The right-wing interim government in Bolivia is accused of unleashing an intensifying wave of repression against its political opposition. Critics say Salvadoran President Nayib Bukele is violating civil liberties with mass arrests of quarantine violators and gang members. Courts controlled by the authoritarian government of Venezuelan President Nicolás Maduro have replaced the heads of opposition parties amid a fresh wave of arrests of journalists and social leaders.
“Coronavirus is the perfect excuse for a power grab and authoritarian measures to crack down on political opponents,” said Michael Shifter, president of the Inter-American Dialogue, a Washington-based think tank. “This is a regionwide trend, but the consequences are worse in the countries already facing the most dire situations.”
Moïse, 52, won the 2017 presidential election after a 14-month standoff over alleged fraud in a previous vote. Analysts say his base of support is thin amid allegations of government corruption in the petrodollars that flowed for years from Maduro’s Venezuela.
The former business executive was the target last year of protests by students and opposition groups that led to a three-month Peyi Lok, Creole for “country shutdown.”
Businesses were burned, hotels and restaurants shuttered, and thousands of Haitians left jobless. By January, the underpaid national police joined the protests, burning their own vehicles and blocking traffic on the capital’s main arteries.
Moïse has postponed legislative elections indefinitely. The opposition says his term ends in February, but he says he can stay in office a year beyond that.
“There’s no possibility of holding elections while he’s in power,” says Andre Michel, spokesman for an alliance of opposition parties. The opposition is calling for Moïse to resign and a transition government to be put in place.
U.S. officials have urged Moïse to call new elections. But critics say they’ve largely turned a blind eye to his government’s alleged links to the gangs because they value his support for the Trump administration’s hard-line policy against Venezuela’s Maduro.
Rep. Maxine Waters (D-Calif.) sent a letter to U.S. Ambassador Michele Sison in May denouncing what she called Cherizier’s “politically motivated” death squad.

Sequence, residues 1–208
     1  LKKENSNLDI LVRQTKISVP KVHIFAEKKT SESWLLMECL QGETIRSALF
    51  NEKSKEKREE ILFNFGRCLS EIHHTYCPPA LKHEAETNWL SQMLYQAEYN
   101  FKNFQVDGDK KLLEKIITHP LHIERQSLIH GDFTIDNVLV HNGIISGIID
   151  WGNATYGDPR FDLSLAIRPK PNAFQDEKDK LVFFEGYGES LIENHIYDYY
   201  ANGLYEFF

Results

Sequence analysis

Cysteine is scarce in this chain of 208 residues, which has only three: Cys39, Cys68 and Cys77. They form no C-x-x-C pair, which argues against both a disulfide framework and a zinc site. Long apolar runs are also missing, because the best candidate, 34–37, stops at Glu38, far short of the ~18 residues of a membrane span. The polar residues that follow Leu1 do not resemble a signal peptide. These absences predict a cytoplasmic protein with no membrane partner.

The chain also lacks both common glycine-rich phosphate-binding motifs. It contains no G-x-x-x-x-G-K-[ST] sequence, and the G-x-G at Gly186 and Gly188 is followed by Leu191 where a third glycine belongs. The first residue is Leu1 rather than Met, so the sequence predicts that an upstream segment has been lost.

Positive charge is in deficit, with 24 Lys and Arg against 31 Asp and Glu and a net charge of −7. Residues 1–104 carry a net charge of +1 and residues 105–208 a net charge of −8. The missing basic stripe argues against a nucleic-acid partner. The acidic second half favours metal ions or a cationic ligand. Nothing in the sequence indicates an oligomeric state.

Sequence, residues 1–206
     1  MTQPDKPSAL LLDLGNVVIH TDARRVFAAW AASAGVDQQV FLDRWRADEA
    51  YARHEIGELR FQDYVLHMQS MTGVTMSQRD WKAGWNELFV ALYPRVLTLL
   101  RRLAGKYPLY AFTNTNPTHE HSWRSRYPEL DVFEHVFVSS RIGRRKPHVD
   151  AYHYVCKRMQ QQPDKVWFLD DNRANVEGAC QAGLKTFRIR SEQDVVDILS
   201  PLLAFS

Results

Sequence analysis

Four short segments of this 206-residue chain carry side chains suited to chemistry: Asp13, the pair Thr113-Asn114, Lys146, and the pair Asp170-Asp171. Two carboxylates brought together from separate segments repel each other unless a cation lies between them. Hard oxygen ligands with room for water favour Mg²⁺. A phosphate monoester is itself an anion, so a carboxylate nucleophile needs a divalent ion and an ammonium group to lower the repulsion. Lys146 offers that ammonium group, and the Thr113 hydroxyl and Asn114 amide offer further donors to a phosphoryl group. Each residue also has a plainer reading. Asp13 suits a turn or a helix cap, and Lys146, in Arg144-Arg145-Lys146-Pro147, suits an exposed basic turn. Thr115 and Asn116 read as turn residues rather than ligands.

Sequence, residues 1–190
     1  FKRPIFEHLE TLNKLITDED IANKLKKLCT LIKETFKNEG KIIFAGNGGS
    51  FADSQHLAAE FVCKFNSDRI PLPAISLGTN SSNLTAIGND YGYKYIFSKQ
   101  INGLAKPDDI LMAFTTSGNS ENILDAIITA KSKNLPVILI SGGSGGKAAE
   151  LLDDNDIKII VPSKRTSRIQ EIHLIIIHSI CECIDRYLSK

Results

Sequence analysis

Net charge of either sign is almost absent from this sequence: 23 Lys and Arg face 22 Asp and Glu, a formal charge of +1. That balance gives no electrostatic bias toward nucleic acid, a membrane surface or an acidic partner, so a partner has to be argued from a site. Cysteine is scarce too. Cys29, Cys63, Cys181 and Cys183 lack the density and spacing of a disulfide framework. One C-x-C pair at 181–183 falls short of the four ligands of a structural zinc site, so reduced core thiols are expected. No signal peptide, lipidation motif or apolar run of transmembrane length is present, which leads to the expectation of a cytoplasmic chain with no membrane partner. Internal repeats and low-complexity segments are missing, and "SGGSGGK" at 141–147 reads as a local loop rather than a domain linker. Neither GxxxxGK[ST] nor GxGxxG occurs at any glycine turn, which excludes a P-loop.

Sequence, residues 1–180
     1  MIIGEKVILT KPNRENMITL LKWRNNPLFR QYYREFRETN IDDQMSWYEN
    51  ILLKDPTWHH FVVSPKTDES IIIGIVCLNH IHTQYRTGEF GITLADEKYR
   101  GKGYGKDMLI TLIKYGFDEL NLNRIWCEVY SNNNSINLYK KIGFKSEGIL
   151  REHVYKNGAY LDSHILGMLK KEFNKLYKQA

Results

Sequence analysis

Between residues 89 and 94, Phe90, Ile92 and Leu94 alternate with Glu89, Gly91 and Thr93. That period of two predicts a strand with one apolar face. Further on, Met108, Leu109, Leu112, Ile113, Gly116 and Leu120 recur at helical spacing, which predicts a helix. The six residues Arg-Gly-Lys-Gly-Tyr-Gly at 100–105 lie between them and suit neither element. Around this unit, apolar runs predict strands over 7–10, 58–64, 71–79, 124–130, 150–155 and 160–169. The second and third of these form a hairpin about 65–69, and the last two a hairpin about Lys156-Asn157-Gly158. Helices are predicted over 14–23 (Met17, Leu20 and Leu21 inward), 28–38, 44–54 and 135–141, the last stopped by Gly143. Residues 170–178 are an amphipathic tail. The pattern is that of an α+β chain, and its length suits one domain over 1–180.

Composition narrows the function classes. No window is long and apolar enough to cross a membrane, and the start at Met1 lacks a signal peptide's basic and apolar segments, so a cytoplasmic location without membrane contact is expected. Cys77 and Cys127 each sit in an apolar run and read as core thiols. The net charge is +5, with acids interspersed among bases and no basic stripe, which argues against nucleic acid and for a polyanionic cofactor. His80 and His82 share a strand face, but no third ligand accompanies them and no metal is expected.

“There is no real concern for the plight of the Haitians, whether they are being beaten and killed by the president of Haiti,” Waters told The Post. “As long as the president is in our pockets, everything is okay.”
David Mosby, head of the State Department’s Bureau of International Narcotics and Law Enforcement Affairs, met with Haitian police officials this month to discuss the wave of gang violence.
Sison called on “all of Haiti’s actors” to engage in dialogue.
“Rather than pointing fingers,” she told The Post, “our point is to encourage all actors . . . to think about the most vulnerable who continue to bear the brunt of these challenges.”
Few nations are as vulnerable as Haiti. The poorest country in the Western Hemisphere has lumbered through decades of misery, finally shedding the yoke of the Duvaliers in the 1980s only to spiral into a gyre of lost potential and repeatedly failed efforts to lift its population out of dehumanizing poverty.
The 2010 earthquake that killed more than 200,000 Haitians and left 1.5 million homeless crystallized the country’s plight, bringing, for a time, an avalanche of international organizations and promises, finally, of transformative aid. But many of the charities have since departed, the transformation unrealized, leaving a mix of resentment and hopelessness as the country has teetered on the verge of anarchy.
Health analysts feared the coronavirus would devastate Haiti. Most believe numbers are higher than the official count of 7,810 infected and 192 dead, but the country’s relative isolation seems to have spared it the worst of the pandemic so far. Still, the outbreak has made chronically underfunded health care here worse — medical staff, lacking protective gear, have failed to show up for work, leaving hospitals operating shorthanded or closing altogether.